By Chris Berens, D&DH Intern
Now Missouri is one of only a few states that allow deer hunting with the atlatl, the ancient weapon that predates the bow and arrow. The 2010 deer hunting season was the first in the state’s history, but the weapon may only be used to take deer during the regular firearms season in Missouri. Several other states allow them to be used for hunting small game and non-regulated species.
Atlatls have a small but devoted following with groups like the World Atlatl Association, Inc. that sponsor events, forums and promote the weapon’s history and use.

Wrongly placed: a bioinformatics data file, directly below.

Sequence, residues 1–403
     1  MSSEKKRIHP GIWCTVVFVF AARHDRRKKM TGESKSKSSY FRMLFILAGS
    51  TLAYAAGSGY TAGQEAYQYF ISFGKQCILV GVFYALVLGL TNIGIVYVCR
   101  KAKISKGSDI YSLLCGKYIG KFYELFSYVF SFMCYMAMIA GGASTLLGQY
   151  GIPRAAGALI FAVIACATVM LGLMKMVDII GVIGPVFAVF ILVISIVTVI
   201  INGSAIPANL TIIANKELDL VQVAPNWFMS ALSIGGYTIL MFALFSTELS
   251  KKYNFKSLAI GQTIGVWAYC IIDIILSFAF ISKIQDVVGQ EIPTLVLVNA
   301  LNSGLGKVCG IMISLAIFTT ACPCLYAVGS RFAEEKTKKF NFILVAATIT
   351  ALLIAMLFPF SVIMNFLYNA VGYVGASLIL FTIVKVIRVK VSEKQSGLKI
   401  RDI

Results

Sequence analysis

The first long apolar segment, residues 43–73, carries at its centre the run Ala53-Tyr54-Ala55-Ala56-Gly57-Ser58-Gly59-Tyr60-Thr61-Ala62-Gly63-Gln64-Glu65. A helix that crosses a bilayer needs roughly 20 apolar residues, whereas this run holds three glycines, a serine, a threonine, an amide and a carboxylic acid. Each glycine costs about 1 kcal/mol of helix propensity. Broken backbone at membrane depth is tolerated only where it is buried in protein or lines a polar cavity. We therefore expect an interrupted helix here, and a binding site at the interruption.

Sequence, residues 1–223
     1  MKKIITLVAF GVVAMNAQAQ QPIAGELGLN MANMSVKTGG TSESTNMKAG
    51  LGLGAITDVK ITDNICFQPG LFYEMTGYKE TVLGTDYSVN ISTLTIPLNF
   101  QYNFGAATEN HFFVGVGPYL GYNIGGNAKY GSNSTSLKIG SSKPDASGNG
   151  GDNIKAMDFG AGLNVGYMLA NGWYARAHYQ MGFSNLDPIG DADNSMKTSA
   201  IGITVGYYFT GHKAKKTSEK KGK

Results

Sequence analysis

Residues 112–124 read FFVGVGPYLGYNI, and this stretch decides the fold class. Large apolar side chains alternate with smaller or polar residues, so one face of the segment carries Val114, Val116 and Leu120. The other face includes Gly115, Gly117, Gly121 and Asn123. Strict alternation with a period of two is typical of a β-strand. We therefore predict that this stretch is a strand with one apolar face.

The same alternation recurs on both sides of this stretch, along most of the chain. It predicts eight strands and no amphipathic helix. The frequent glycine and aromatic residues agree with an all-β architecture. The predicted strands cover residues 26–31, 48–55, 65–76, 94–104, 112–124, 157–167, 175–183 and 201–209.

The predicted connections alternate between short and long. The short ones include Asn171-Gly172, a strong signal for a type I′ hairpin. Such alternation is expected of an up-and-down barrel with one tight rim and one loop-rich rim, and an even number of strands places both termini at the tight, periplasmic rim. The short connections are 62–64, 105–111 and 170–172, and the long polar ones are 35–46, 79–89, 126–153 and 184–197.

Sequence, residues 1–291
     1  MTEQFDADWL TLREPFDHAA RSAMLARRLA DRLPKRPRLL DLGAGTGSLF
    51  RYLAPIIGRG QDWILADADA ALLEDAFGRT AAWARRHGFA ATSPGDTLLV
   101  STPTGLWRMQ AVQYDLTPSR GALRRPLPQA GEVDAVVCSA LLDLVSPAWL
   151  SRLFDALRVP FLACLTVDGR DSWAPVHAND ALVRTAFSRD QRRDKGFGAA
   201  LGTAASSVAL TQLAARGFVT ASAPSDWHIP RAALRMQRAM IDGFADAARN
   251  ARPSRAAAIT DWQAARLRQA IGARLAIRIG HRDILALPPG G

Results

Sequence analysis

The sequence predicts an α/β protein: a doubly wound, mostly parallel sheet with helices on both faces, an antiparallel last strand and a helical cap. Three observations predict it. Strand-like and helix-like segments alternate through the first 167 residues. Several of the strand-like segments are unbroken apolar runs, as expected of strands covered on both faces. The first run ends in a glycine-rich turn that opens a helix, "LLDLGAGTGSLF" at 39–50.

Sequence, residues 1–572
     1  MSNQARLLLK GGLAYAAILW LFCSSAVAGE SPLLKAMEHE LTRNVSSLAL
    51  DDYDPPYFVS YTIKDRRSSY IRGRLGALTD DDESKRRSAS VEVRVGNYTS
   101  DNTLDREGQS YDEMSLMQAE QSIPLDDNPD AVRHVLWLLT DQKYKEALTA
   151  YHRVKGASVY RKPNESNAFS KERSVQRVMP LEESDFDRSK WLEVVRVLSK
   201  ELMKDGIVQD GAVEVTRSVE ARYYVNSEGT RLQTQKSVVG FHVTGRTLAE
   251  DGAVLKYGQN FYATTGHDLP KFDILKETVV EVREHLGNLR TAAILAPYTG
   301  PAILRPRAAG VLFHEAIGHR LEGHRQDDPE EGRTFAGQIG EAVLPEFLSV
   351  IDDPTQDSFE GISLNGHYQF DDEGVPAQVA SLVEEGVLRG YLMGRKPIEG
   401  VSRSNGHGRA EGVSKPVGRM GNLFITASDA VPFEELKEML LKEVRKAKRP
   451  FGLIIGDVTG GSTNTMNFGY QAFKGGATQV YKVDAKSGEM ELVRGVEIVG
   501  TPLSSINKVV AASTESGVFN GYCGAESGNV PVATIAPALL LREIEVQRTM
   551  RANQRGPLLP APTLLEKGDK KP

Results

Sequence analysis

An atlatl consists of a short stick, or handle, with a notch for the dart to rest against. The dart, which can be several feet long, is launched from the handle with a throwing motion. The dart can be thrown up to 100 yards or more, but has a lethal accuracy range of 20- to 30- yards, similar to primitive archery equipment. This makes a combination of effective camouflage and scent-free clothing a great advantage for getting inside that tight kill zone. Use of the over 30,000-year-old weapon will offer hunters another challenging option for pursuing game.
What do other deer hunters think about the use of this uncommon primitive hunting weapon?